Friday, 9 December 2011

Picnic at Hanging Rock (1975)

Fig 1

                                                                                                               Fig 2            Horror isn't required to have the same, repetitive tropes of vampires, corpses, zombies or boogie-men. It can also be based on a summer's day with the sun high in the sky and the innocence of a young woman, while said horror movie hints at the notion of sexuality. This movie can result in such great pieces as Picnic at Hanging Rock. (Fig1). Horror movies like this one are often within the same realm as the tree of knowledge from the bible; it's almost forbidden because it is outside of the box; outside of conventional themes which can be easily explained, not because it revolves around gruesome horror. Roger Eber, a renowned film review, explains this perfectly, saying “The underlying suggestion is that Victorian attitudes toward sex, coupled with the unsettling mysteries of an ancient land, lead to events the modern mind cannot process.” (Ebert, 1998) He mentions the attitude of Victorians towards sex, which is a good example of this film’s messages. In Victorian ages, sex was a very reserved topic. It was often shrouded in embarrassment, ignorance and fear. He also mentions the landscape. The formations are very reminiscent of phallic symbols (Fig 2), and since the young women find the Australian outback to be very alien, the same could be said for these formations, reminiscent of their virginity.
                      Fig 3
     The film depicts the story of a trio of young, virginal women who vanish while taking part in a trip to one of the many strange formations in the Australian outback, this one in particular going by the name of Hanging Rock. (Fig 2). Picnic at Hanging Rock is a movie whose main priority is bombarding us with vague clues and to stretch our perception of conventional film.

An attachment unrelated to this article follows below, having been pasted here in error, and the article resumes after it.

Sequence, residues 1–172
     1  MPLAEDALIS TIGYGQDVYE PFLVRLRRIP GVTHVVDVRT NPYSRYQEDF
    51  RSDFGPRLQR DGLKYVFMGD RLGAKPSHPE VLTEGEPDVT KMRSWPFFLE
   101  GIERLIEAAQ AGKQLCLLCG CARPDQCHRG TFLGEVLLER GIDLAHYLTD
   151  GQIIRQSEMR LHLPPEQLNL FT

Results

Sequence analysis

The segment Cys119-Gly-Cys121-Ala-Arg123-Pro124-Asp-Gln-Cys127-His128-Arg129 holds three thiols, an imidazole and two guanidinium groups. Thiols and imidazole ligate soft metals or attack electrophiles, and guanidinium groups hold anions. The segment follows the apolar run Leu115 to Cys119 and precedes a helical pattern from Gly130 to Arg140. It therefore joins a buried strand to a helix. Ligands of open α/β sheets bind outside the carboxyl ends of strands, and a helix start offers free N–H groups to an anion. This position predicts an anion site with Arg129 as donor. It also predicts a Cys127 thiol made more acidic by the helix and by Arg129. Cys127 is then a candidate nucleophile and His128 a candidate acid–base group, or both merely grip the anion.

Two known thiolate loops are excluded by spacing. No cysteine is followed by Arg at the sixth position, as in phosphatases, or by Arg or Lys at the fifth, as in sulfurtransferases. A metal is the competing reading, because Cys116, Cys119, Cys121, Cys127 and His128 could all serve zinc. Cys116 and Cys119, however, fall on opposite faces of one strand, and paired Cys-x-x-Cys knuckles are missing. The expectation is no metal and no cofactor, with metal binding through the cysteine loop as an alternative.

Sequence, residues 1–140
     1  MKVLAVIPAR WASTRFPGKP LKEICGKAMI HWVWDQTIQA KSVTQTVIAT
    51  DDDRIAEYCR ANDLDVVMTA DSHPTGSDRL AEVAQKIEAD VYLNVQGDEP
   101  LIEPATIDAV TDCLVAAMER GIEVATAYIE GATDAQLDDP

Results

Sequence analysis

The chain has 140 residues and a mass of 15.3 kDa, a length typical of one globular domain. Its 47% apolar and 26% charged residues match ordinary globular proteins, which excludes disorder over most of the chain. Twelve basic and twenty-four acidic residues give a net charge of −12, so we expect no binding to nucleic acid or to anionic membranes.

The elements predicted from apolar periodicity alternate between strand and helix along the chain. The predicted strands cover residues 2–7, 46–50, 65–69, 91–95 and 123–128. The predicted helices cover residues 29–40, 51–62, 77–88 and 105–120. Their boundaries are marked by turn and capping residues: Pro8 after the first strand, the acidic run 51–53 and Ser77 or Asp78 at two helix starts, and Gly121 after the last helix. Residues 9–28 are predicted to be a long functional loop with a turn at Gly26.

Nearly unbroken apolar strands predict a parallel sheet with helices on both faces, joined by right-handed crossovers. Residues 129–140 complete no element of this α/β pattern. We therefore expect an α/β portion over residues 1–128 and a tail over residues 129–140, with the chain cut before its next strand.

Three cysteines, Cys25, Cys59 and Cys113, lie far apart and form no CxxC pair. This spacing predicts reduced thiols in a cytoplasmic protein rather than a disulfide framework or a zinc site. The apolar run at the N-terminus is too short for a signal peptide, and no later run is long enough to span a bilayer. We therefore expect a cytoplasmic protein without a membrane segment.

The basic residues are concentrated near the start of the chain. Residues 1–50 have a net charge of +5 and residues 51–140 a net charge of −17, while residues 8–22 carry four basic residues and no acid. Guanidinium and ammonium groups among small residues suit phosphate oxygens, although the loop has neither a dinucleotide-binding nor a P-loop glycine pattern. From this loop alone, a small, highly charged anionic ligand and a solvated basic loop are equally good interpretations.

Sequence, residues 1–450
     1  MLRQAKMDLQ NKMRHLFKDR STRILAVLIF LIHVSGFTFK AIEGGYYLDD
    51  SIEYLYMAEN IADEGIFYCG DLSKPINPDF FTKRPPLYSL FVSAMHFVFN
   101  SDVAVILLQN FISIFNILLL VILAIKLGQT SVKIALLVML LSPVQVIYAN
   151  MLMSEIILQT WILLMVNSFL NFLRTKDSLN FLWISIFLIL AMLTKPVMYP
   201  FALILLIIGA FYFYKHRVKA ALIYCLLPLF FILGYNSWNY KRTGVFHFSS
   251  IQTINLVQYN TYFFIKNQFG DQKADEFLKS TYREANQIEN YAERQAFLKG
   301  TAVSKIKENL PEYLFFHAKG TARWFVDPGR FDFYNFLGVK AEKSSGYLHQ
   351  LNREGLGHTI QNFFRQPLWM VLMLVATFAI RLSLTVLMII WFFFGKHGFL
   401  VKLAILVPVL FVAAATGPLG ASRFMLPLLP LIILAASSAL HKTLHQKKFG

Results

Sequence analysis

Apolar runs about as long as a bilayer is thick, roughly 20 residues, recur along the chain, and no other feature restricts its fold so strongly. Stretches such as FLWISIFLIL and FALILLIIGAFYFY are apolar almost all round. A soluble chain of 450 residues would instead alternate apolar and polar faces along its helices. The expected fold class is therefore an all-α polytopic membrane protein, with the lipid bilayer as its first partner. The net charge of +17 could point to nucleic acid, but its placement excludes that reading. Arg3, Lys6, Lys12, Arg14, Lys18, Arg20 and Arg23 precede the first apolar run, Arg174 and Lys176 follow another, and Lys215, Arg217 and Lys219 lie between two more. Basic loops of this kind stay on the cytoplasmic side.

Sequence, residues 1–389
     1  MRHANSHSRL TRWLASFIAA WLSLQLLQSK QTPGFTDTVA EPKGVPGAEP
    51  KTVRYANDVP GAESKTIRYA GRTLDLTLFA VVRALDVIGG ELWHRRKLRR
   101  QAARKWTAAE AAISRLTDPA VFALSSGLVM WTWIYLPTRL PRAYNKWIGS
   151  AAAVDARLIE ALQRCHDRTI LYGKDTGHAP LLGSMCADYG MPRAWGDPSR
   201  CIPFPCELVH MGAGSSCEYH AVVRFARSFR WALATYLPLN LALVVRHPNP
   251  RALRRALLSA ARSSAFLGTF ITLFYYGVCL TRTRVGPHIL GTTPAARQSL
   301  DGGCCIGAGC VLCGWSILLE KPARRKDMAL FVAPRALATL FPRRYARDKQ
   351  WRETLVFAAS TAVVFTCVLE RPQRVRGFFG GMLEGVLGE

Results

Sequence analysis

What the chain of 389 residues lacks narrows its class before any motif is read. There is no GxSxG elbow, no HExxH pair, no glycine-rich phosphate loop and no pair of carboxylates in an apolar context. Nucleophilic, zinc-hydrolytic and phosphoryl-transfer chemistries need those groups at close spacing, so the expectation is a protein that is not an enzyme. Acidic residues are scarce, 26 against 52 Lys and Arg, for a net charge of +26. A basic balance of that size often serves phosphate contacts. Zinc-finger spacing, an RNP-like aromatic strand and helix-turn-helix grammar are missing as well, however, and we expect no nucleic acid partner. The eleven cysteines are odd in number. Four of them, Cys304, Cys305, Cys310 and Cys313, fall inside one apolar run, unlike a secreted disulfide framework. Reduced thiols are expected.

In the opening scene of the film, we see the students of Mrs. Appleyard's College for Young Women. The film exaggurates their virginal innocence, to an extreme degree even, and from such an early point in the film that it is blatantly obvious that there are supressed sexual desires in every nook and cranny. one of the girls is forbidden from going on the field trip and the film gives us an arbitrary reason: the head mistress is apparently a heartless monster. Making much of a presence at the day out is the outback's heat, yet the girls wear thick gowns which makes us even more uncomfortable.
                                                                                                                         Fig 4
     During the film, we get consistent suggestive motives and scenes which suggest that the outback is alive thanks to Weir, the Director. Such a scene where this can be applied is where four girls separate from the group and wander off into the Hanging Rock formation, ignorant of the warnings given by their head mistress to not go near the rock. It's almost as though they are being seduced by something. The overall atmosphere is creepy and not at all homely as the soundtrack sends chills down our spines. As three girls climb up the rock, the tropic 'round' girl screams and runs off, returning to the encampment. As UrbanClineFile states in a review, “The scene, for example, in which the four girls stop in a plateau within the Rock and simply, gently lay down to sleep, carries a subtle yet powerful sense of intangible foreboding, created simply by the actors precise actions, the images and the sound design.” (UrbanClineFile, 2007) Stated here, these three aspects make the scene all the more effective in terms of giving the audience a surrealistic chill. The fact that they also wander off into the mountain can also bring us back to the concept of sexuality in this film. Perhaps the scene is a metaphor for male dominance during the time the film was set in? It’s vaguely explained in the scene, however.

Despite the central focus around the almost seductive nature of the Australian outback, the film itself is most definitely not a slideshow of pleasent pictures of young women wandering off into rock formations. The film knows full well of the romanticized urges of the young, such urges being so overwhelming that containment is useless.



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